There are several factors that can cause bad breath, and some of them are easier to fix than others. Bad breath can come from the foods you eat or the things you drink, and this is easily fixed with good oral hygiene and mouthwash. However, if your cause for bad breath is more than a temporary food-based problem, you could be dealing with more serious halitosis. Below, Flintlock Dental will take a look at the main causes for halitosis and some ways to treat it.

What is Halitosis?

Halitosis is a common health condition that affects nearly 30% of people around the world. It’s a more official term for “bad breath” and is usually used when describing a persistent problem rather than the smell that comes from eating too much garlic for lunch. It’s the presence of a foul odor that comes from the oral cavity, which could indicate an issue in the mouth, throat, or tonsils.

Halitosis is often caused by a group of anaerobic, sulfur-producing bacteria that breed beneath the surface of the tongue and in the throat and tonsil areas. These types if bacteria do not require oxygen to live (hence anaerobic) and often thrive in the oral environment as they help break down the protein in foods into amino acids. As long as these bacteria feed on the proteins you consume and excrete the sulfurous compounds, you can experience lingering bad breath if gone unchecked.

Causes for Bad Breath

There are four main causes for bad breath:

Dry Mouth – Xerostomia, also known as dry mouth, is the perfect environment for bacteria production. Long periods of speaking, smoking, drinking alcohol, or snoring are just some of the possible underlying causes. Many people experience bad breath as they wake up in the morning due to lack of saliva while they sleep. Healthy people reduce bad breath from food by simply having normal saliva flow. Those who suffer from dry mouth and lack of saliva will find that minor food odors can ultimately lead to long-term issues.

Poor Dental Hygiene – If you don’t take care of your mouth, it can lead to excess bacterial growth on your teeth and gums. Your teeth cannot shed skin like your mouth can, meaning bacteria will stay there and continue to grow, causing more problems the longer you don’t clean your teeth. If these bacteria are not removed, they will create dental plaque that grows on your gum line, causing damage to the teeth and gum tissue. This can lead to diseases like gingivitis and periodontitis that can exacerbate the foul odor in your mouth. Poor fitting or dirty dentures can also cause a bad odor.

Types of Food – There are certain foods, like onions and garlic, that contribute to bad breath, as they contain the sulfur compound linked to halitosis. Dairy, meat, and fish contain dense proteins that are used as a food source for anaerobic bacteria. Refined and processed sugars, coffee, and juices also help provide the perfect breeding ground for odor-causing bacteria.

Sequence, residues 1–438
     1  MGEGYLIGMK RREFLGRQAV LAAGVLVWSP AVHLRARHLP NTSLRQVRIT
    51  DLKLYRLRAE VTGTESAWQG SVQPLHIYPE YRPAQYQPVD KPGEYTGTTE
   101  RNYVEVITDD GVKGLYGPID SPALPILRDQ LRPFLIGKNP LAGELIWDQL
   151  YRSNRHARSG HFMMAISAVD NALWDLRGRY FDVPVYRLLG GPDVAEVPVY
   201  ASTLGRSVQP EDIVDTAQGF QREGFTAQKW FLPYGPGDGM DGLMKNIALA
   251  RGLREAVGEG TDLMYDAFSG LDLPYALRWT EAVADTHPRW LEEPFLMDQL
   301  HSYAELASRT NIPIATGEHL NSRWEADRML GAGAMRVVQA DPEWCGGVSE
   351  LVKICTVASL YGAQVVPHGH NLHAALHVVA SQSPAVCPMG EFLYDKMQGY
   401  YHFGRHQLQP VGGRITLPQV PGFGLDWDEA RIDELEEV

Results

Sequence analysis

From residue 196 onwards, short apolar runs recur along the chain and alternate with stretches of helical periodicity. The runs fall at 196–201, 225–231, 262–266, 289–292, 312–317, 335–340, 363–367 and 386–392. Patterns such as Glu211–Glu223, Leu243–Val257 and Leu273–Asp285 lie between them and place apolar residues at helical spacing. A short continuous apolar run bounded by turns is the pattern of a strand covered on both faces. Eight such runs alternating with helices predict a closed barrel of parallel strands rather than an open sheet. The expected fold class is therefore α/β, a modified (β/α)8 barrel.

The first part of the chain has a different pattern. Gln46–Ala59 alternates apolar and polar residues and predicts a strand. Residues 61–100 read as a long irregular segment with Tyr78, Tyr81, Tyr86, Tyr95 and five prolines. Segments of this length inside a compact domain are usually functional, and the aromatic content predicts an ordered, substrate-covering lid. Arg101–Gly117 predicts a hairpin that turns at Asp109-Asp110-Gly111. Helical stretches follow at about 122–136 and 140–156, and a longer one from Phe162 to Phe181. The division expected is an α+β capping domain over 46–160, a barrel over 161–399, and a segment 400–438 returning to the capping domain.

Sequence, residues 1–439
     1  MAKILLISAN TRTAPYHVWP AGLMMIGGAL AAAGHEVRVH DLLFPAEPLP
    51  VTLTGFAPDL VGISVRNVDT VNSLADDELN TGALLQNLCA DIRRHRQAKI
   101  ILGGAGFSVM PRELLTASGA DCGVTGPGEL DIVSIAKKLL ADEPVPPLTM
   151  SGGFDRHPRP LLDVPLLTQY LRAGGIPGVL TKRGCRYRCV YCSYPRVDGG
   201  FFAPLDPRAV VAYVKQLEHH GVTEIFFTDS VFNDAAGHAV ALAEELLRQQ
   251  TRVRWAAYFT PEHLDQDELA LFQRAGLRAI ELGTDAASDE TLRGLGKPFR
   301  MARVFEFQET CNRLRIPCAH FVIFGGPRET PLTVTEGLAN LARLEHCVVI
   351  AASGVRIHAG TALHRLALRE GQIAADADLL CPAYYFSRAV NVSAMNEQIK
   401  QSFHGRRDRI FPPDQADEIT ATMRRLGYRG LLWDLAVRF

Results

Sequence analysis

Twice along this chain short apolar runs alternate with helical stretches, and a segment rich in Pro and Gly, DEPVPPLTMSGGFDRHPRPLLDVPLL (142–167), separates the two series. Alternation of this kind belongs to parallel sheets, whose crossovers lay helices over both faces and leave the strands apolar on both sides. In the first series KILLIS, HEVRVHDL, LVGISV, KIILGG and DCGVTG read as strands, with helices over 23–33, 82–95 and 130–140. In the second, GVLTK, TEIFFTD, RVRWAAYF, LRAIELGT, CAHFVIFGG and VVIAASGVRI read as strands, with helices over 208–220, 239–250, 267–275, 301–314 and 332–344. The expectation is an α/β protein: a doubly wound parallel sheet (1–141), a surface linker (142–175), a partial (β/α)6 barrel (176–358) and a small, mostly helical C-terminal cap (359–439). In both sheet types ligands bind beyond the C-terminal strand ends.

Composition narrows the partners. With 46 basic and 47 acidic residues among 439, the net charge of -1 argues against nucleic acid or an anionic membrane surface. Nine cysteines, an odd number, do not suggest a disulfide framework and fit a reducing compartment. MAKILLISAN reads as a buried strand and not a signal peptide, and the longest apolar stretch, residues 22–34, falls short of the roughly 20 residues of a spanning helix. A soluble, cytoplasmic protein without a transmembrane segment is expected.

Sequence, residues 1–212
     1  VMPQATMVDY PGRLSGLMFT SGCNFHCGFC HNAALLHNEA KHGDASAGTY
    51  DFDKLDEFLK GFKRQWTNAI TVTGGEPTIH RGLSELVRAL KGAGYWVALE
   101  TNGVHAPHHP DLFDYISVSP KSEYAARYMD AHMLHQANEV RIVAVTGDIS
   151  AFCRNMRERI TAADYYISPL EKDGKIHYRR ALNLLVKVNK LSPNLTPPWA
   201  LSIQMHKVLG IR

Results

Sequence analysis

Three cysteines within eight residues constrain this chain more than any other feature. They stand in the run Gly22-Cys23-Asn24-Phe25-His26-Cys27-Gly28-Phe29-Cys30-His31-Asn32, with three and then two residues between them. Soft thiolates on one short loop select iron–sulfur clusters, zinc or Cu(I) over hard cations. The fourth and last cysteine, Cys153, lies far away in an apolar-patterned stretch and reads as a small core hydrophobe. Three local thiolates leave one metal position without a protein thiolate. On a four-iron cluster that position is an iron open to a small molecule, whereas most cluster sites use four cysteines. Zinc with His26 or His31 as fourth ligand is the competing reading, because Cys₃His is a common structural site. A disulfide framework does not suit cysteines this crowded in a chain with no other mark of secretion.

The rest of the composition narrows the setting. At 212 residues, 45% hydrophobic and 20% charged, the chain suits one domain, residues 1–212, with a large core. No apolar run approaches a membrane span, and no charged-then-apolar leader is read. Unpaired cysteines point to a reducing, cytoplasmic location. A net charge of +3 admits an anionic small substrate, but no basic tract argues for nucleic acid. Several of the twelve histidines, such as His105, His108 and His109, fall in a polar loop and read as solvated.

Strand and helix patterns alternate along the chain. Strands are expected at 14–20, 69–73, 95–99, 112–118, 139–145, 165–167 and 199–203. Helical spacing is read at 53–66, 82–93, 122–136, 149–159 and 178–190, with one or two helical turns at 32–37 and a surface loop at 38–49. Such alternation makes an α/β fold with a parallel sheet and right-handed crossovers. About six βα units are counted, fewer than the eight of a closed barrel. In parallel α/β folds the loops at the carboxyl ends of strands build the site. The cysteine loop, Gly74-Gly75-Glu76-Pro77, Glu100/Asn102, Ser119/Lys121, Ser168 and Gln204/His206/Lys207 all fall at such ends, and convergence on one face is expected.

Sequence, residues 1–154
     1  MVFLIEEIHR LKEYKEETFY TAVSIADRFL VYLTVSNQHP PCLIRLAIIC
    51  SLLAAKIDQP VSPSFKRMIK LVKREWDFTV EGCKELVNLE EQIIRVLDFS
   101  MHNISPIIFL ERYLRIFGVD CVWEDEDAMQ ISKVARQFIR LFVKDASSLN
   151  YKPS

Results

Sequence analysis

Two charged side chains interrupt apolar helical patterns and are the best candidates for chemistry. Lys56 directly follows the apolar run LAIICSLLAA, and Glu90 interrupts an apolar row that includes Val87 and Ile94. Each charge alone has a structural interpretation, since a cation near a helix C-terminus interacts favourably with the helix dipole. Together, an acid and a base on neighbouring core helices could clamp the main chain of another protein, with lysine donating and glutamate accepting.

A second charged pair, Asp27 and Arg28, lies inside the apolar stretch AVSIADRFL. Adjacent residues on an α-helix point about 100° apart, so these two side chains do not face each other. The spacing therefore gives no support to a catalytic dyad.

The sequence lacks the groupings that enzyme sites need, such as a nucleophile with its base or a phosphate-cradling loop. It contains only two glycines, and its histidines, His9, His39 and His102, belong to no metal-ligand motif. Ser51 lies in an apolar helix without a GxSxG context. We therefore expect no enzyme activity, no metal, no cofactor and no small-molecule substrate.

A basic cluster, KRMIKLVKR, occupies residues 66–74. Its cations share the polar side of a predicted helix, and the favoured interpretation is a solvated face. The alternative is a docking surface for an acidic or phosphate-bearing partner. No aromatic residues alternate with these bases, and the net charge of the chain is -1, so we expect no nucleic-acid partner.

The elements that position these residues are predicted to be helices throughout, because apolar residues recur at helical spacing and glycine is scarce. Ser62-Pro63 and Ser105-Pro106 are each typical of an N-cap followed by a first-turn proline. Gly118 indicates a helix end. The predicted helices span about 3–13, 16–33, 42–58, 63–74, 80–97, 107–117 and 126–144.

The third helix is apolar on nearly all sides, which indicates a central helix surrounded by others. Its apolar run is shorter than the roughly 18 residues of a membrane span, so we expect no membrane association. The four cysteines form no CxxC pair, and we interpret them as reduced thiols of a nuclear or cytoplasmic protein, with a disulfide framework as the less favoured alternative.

Illness and Disease – An estimated 10% of halitosis is caused by some type of illness. Those who suffer from diabetes, lung disease, cancer, liver or kidney disease, or respiratory tract infections are more prone to chronic halitosis due to dry mouth. Other common illnesses that can affect mouth and nasal odor are tonsil stones, yeast infections of the mouth (known as thrush), and gum disease.

Medications – Certain drugs, such as some anti-depressants and antihistamines, can also cause foul breath due to dry mouth, as they reduce saliva production.

Treatments for Bad Breath

There are several ways you can treat bad breath naturally with home remedies and better oral hygiene. Here are a few things you can try to help eliminate your bad breath:

Proper Oral Care – Make sure you brush and floss your teeth twice a day. If you eat dairy, meat, or fish, try to brush your teeth after eating. Use a non-alcohol mouthwash regularly as well to help keep your mouth free of bacteria and bad breath.

Eat Foods Rich in Fiber – High-fiber foods, such as certain beans, veggies, and whole grains, are good at preventing halitosis. You want to avoid eating heavily processed foods that are high in refined carbohydrates and sugars, such as cookies, sweets, and ice cream.

Breathe Through Your Nose – Try to deal with any snoring or sleep apnea problems you may have. These issues could be causing you to breath more through your mouth at night (and will keep you from getting a restful night’s sleep!) Talk to your doctor to learn how to solve these problems. During the day, practice breathing through your nose as much as you can to prevent dry mouth.

Drink Water – Water is good for more than just hydration for your body. It’s also great at helping keep moisture in your mouth, thus preventing dry mouth and bad breath.

Stop Smoking – If you’re a smoker, this is another reason why you should consider quitting the habit. Studies show that smokers are at a higher risk for periodontal disease and halitosis.